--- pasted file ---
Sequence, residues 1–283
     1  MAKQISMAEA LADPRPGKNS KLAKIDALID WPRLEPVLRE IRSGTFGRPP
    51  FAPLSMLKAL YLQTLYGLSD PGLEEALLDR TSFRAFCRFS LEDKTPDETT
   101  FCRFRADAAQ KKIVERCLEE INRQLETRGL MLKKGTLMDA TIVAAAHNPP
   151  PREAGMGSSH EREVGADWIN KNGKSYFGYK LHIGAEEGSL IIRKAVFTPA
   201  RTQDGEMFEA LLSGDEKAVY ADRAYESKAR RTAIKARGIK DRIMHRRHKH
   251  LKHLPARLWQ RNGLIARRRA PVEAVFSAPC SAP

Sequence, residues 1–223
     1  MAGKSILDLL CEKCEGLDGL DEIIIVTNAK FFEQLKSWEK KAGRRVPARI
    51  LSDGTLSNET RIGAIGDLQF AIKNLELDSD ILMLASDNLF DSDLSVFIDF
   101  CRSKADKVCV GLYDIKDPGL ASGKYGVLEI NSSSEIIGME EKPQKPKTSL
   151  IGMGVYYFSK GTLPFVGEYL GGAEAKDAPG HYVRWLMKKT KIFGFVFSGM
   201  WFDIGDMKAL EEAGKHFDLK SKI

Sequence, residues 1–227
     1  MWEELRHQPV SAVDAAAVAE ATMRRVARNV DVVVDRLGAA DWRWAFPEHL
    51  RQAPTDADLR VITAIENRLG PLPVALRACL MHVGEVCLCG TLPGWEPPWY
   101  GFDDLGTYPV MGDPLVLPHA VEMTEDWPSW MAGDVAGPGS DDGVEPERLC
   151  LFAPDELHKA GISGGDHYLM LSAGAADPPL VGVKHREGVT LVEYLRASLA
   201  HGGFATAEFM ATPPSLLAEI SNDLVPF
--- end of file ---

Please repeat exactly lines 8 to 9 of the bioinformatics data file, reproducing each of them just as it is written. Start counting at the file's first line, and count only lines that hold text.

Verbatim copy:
Sequence, residues 1–223
     1  MAGKSILDLL CEKCEGLDGL DEIIIVTNAK FFEQLKSWEK KAGRRVPARI